The effect of regularity, synchrony, and STD on deep cerebellar nuclei in physiological conditions and during downbeat nystagmus

It was previously believed, that the reason for downbeat nystagmus (DBN, the symptom of CACNA1a gene mutation) is a lack of inhibition, and that it could be alleviated by an increase of the overall firing rate. It is postulated that 4AP (4-aminopyridine, non-selective voltage-dependent K+ channel blocker) enhances Purkinje cell activity in the flocculus and restores inhibition of anterior canal pathways to a normal level [Glasauer 2005]. But this theory has been disproved by electrophysiological experiments on tg/tg mice cerebellum slices showing that therapeutic concentrations of 4-AP do not increase the inhibitory drive of cerebellar Purkinje cells. Therefore, 4-AP restores the severely diminished precision of pacemaking in Purkinje cells of episodic ataxia type two (EA2, channelopathie, affecting the PQ calcium channel-encoding gene,CACNA1A) mutant mice to normal level by prolonging and increasing the action potential after hyperpolarization [Alvin˜a and Khodakhah, 2010]. In other word, the main consequence of tg/tg chanelopathy is an increase of spike irregularity.

The recent electrophysiological findings encouraged German scientists to reconsider their previous findings by investigating the potential effect of changing the cerebellar output of Purkinje cells (PC, class of GABAergic neurons located in the cerebellum which plays a fundamental role in controlling motor movement) regularity in the vestibular nuclei in a modelling study [Glasauer 2011]. Their first result was that only regularity together with synchrony would have a significant effect on the postsynaptic target neuron. But these results are incompatible with their system-level model, as well as with the current view on the nature of DBN.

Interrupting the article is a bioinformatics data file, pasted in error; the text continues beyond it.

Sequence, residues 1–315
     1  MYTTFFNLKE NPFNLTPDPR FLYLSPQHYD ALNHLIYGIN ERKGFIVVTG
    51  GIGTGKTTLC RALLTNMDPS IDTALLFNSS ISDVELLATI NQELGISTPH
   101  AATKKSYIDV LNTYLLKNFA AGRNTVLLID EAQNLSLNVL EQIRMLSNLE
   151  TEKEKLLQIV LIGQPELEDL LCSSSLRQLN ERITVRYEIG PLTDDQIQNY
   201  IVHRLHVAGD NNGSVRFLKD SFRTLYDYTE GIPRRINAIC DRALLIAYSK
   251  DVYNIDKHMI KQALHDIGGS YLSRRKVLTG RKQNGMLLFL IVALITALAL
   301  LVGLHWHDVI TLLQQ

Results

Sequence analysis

Neither the population level model [Glasauer et al, 2008] nor the conductance-based model of a single neuron [Glasauer et al, 2011] appeared able to explain the electrophysiological findings.

The main assumption is that their model didn't give the correct results due to not taking into an account the effect of short-term depression (STD). In my findings, there is no significant difference in data with the presence or absence of STD. But difference in firing rate with the presence and absence of STD becomes significant for higher noise levels. I assume, that such a small difference in noise levels between wild-type and tg/tg could be explained taking into account the way, how known CV values for wild-type and tg/tg mice were converted to noise. Noise levels were obtained after building a dependency graph of CV form noise.

Date: 13/11/2015
Time: 16:00
Location: LB252

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